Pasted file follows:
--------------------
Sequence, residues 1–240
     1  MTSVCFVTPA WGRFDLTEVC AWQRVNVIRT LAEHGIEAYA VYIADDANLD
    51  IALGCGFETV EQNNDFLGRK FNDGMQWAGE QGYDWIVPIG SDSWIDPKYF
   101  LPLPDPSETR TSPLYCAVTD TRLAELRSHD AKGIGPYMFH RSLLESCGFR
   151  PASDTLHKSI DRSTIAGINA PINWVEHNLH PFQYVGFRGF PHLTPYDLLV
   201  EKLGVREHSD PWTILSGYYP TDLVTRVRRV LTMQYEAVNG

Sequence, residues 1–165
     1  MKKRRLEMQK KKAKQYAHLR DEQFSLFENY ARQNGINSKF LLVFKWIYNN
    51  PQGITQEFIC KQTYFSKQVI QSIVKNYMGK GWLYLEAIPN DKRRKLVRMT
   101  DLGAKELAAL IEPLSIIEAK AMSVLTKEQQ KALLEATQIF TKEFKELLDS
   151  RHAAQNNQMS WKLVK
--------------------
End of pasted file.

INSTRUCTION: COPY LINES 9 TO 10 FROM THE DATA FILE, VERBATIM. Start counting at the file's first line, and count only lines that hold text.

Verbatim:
    51  PQGITQEFIC KQTYFSKQVI QSIVKNYMGK GWLYLEAIPN DKRRKLVRMT
   101  DLGAKELAAL IEPLSIIEAK AMSVLTKEQQ KALLEATQIF TKEFKELLDS